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Principia Mathematica

Alfred North Whitehead, Bertrand Russell

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Nonfiction | Reference/Text Book | Adult | Published in 1910

Russell, the principal writer, begins with the argument that it would be easier to “prove” the validity of mathematics if we could show its logical soundness. He elevates logical truth above all other truths that humans can create, arguing that it has its own form, unlike other truth-statements, which primarily state a semantic content. In addition, logic is a natural human faculty, which seems to extend out of the rational mind. He takes a few examples of logical laws we have recognized to exist in basic human reasoning that existed even before we had a logical language, or even an alphabet, for describing them. Russell traces logical form back to Aristotle, the first great example of an effort to give linguistic shape to these natural logical forms. Russell states the project of his book is to show that this effort can be extended into the domain of math.

Russell’s first effort along these lines is to describe propositional logic and attach it to a formal system, the former built on a finite number of logical axioms. He thinks of propositions and other logical operators as things we can represent using simple symbols. From the expressions we can make by linking these symbols together, Russell posits, we can deduce other logical expressions that are true because they stem from earlier, logically true statements. In general, he argues that a formal system must start with a finite set of axioms, which he also calls assumptions. For his own system, he makes sure that his axioms are ones that humankind considers self-evident when applied to sets and classes. He qualifies that they need not necessarily be true when applied to real objects.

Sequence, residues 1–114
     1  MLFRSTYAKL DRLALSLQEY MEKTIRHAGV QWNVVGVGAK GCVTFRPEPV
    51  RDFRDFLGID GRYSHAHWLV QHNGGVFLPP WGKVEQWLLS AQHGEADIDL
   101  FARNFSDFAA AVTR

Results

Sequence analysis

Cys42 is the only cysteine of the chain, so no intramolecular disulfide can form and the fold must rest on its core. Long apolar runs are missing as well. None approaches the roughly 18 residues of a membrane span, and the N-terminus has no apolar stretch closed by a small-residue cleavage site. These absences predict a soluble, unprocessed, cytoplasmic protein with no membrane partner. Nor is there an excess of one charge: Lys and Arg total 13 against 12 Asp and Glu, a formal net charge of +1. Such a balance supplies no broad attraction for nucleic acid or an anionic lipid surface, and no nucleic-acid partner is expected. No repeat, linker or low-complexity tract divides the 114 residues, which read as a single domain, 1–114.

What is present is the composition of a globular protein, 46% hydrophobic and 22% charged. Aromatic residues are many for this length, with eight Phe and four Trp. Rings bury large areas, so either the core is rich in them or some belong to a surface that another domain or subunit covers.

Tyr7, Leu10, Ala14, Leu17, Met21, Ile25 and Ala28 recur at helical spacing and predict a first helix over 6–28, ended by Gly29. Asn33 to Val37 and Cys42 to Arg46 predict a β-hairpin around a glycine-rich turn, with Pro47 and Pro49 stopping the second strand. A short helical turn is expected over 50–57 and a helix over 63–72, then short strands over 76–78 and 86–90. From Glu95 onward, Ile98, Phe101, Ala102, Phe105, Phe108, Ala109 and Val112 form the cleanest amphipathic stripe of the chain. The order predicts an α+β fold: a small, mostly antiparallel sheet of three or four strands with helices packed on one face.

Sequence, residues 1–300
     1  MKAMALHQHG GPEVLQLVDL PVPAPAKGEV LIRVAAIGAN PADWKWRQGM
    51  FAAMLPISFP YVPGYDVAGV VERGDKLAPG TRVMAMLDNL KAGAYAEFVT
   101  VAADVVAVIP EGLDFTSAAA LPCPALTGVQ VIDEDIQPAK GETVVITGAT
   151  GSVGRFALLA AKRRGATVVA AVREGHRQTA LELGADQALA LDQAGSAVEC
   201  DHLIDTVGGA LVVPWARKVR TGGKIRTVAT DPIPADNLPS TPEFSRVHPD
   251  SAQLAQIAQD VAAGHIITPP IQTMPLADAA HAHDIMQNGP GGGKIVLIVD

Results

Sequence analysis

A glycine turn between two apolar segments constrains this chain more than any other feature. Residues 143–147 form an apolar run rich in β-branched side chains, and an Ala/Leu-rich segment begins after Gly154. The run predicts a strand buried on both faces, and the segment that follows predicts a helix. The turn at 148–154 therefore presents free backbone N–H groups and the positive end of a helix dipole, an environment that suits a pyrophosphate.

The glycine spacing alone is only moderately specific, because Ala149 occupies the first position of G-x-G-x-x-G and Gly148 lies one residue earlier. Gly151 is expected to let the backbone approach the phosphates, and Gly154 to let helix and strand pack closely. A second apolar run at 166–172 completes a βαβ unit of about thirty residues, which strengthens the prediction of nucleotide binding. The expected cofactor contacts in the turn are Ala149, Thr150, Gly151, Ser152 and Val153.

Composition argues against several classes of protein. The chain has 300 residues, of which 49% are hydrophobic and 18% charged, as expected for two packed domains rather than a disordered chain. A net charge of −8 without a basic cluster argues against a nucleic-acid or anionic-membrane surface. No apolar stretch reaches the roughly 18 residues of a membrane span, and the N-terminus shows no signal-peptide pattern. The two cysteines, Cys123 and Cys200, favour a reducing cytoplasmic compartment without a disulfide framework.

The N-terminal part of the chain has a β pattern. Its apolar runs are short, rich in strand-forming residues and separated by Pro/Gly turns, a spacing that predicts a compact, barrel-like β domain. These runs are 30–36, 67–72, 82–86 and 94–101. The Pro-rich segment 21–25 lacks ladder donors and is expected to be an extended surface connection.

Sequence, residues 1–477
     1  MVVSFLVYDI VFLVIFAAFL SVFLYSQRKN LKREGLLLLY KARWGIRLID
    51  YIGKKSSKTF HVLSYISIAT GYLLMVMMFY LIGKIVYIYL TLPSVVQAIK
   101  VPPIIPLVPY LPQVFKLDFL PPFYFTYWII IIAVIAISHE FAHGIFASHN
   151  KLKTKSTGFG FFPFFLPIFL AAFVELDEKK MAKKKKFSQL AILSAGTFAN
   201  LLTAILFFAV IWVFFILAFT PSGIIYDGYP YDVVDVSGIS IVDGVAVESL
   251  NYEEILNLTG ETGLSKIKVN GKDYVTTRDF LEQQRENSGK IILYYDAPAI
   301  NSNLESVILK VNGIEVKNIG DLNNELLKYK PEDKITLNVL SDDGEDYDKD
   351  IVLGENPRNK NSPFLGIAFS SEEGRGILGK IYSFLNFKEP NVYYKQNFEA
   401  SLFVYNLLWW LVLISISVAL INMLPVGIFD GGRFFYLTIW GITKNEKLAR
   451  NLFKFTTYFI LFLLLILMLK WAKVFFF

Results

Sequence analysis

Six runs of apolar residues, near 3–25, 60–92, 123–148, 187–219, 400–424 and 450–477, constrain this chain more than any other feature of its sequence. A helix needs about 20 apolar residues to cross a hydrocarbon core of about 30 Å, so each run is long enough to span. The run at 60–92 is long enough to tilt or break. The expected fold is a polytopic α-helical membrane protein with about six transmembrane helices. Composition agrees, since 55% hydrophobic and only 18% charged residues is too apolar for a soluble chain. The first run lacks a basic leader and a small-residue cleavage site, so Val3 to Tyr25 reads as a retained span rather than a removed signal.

Next, Russell and Whitehead develop their theory of mathematics as an extension of logic. They first spend time creating a “theory of types” defined by their axiomatic language. Then, they provide a formal definition of number in a non-circular manner. To do this, they borrow from the thinking of Gottlob Frege, a German mathematical philosopher, and define the number as an object we reach via counting, rather than via abstraction. Counting consists of identifying numbers with objects, such as one’s fingers, and building up a sequence through correspondence. They extrapolate this idea to set theory, showing that two sets are equivalent in cardinality, or “size,” if this one-to-one correspondence exhausts itself without any leftover elements in any set. They claim that numbers do not exist in the abstract form at all, but rather are sets in their own right, obtained via this equivalence relation.

The remainder of

Many mathematicians have disputed the thinking or claims of Russell and Whitehead in later literature, but few dispute that

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